Scandal Season 4 Ep. 16 Recap: “It's Good To Be Kink”

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“Disgusting!” You can't say Abby's not succinct. The object of her missive is boyfriend Leo Bergen, now known to her—and soon to the world if she doesn't stop it—as the Dust Buster, a pseudonym bestowed upon him by Susan Thomas (Lena Dunham), a 20-something chemistry grad and author about to publish a manuscript detailing her sexual escapades with a multitude of D.C. power players.

But let's play catch up first. “It's Good To Be Kink”revolves around Sue's book and the anticipated fallout, but what raises the episode rise above a Scandal spin on Fifty Shades of Grey is the way it manages to both wring humor out of its salacious premise and transcend it, using it as a jump off to cover topics like gender politics, sexuality and women in positions of power.

As was hinted at by her word of choice, Abby has discovered Leo is one of the men immortalized in Sue's tome (a list that includes dudes given such exotic aliases as Agent Orange, Thruster and The Doctor), and goes to Olivia to ask her to put the kibosh on the book.

Olivia goes to Sue's place and unleashes her standard “I will destroy your miserable little life if you don't do what I say because I'm Olivia Pope and I eat basic bitches for breakfast,” speech, and Susan seems like she'll roll over and keep quiet. Of course, you don't have Lena Dunham as a guest star for her to only appear in one scene, so it's not a total surprise when she shows up at OPA's offices. What is surprising—and if I may add, fist pumping (sorry Liv)--is the way she flips Olivia's threats of destruction into examples of how she's lost her essential Popeness. Pouncing on the insinuation she'll be called a whore, Sue criticizes Olivia for wagging her finger at her for airing powerful men's dirty laundry, ignoring the fact Sue's dalliances with these men are not just their stories, but her tales to tell as well.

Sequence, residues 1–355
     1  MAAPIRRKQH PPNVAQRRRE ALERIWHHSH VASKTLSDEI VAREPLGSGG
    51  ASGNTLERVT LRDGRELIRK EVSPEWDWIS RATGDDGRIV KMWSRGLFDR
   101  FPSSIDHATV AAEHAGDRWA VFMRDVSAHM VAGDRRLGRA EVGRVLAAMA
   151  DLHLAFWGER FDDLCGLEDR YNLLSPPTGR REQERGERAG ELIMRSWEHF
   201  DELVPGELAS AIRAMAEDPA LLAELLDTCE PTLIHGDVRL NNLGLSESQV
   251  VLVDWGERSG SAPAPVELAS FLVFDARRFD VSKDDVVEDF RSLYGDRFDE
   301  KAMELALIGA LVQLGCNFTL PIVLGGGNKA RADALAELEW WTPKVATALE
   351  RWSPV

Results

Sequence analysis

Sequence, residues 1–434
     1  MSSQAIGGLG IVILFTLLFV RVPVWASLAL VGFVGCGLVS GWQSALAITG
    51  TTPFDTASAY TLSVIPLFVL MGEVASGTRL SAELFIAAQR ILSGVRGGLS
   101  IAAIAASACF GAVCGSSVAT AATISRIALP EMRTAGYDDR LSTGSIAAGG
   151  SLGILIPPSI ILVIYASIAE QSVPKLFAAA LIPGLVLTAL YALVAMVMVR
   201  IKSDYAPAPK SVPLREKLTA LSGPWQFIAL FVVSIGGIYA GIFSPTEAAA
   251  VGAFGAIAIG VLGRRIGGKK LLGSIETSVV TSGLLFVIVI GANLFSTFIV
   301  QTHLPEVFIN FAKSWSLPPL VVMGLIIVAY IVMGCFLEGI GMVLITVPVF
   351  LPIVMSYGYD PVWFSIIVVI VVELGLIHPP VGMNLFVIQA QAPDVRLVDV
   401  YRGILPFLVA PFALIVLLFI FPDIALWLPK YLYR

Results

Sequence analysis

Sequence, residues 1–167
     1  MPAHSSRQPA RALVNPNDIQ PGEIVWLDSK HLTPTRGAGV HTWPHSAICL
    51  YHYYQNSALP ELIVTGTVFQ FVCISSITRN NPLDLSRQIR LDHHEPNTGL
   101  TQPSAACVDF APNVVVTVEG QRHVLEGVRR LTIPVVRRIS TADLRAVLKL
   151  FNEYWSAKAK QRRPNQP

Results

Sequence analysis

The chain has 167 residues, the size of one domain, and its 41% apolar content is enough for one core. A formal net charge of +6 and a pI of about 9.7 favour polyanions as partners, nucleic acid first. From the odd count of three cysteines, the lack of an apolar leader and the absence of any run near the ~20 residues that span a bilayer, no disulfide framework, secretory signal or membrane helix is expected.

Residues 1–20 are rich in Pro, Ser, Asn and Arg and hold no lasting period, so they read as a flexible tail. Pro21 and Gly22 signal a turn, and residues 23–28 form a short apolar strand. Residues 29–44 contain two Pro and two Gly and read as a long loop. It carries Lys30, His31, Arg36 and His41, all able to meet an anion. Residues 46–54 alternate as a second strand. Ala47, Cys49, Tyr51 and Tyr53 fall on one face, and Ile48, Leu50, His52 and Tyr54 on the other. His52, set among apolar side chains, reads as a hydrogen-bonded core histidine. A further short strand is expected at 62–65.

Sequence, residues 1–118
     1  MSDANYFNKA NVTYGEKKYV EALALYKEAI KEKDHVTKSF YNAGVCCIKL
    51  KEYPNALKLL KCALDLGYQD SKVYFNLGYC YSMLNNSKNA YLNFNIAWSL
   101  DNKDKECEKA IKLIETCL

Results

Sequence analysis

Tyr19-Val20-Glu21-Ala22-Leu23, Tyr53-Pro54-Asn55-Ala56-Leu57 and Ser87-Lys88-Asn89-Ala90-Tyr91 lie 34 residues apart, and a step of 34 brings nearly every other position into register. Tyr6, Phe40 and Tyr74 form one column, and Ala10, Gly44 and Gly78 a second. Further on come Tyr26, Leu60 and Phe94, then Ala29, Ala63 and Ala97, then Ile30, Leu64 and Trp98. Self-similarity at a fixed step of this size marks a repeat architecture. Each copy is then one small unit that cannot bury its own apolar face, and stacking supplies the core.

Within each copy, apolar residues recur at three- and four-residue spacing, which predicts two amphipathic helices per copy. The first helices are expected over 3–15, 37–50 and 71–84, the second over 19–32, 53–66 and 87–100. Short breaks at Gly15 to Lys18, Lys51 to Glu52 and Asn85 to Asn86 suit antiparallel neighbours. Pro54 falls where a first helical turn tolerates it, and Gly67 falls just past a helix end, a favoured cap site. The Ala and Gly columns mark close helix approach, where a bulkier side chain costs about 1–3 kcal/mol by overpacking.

More than the thrill of telling off a woman who she deemed was once so badass other women got a contact high from being in her vicinity, Sue wants money. And we're talking millions. As she says, “Olivia Pope don't come cheap,” and if whoever is trying to crush her publication glory can retain Liv's services, they damn sure can shell out $3 million in hush money. Most all of the guys are ready pony up, until David Rosen (David Rosen), named The Doctor in Sue's book, pulls rank and says neither he nor other lawmakers will participate in extortion.

The episode also highlights how sex-related scandal affects the perception of men and women in vastly different ways. When Leo mocks Abby for preemptively writing her resignation letter (being that she was personally involved with two men the book, which would--unfairly--call into question her personal choices), he dismisses her concern, saying at worst she'll have to endure a few jokes but will ride it out. In reality, he's talking about what would happen to him if he were in her position. In one of the hour's strongest scenes, Abby reminds him they live in a world and political climate where her weight, clothes, makeup or lack thereof are deemed equally important as evaluating her job performance, where every article written about her trumpets the fact Leo is her boyfriend as proof she can land a man, while she's barely a blip in pieces written about him. “What affects you, affects me,” she says.

But back to Sue. “It's Good To Be Kink,” weaves her one-off story into the ongoing plots, like the B6:13 expose, pretty seamlessly. After it's revealed David's the good doctor, he knows his days as attorney general are numbered, which would mean no full immunity for Huck once he testifies to his many dastardly deeds. And well, you know what happens when Huck starts to angry whisper.